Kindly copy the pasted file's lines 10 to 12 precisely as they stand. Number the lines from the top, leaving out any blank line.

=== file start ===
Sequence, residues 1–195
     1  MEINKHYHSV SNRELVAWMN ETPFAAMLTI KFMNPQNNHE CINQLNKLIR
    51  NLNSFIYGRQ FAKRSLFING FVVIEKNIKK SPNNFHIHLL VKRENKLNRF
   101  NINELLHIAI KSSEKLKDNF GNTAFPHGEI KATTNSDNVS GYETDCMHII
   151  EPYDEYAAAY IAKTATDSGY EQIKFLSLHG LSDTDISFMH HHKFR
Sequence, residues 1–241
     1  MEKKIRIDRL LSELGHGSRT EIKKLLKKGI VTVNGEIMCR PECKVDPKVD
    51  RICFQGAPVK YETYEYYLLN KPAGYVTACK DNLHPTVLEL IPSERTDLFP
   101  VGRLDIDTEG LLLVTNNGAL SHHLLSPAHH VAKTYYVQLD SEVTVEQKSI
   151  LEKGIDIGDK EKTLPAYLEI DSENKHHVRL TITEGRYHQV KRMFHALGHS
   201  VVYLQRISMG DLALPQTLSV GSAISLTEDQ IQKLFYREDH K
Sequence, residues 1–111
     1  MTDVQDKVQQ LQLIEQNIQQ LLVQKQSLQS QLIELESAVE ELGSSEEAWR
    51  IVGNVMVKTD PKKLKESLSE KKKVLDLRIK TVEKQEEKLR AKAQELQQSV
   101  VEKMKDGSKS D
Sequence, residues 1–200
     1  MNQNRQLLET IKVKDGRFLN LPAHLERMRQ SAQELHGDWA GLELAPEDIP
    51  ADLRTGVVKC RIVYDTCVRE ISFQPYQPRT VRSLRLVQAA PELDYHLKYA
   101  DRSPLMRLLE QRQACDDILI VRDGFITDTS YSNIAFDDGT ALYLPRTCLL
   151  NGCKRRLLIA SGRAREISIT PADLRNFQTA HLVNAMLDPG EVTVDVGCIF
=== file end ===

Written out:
   151  LEKGIDIGDK EKTLPAYLEI DSENKHHVRL TITEGRYHQV KRMFHALGHS
   201  VVYLQRISMG DLALPQTLSV GSAISLTEDQ IQKLFYREDH K
Sequence, residues 1–111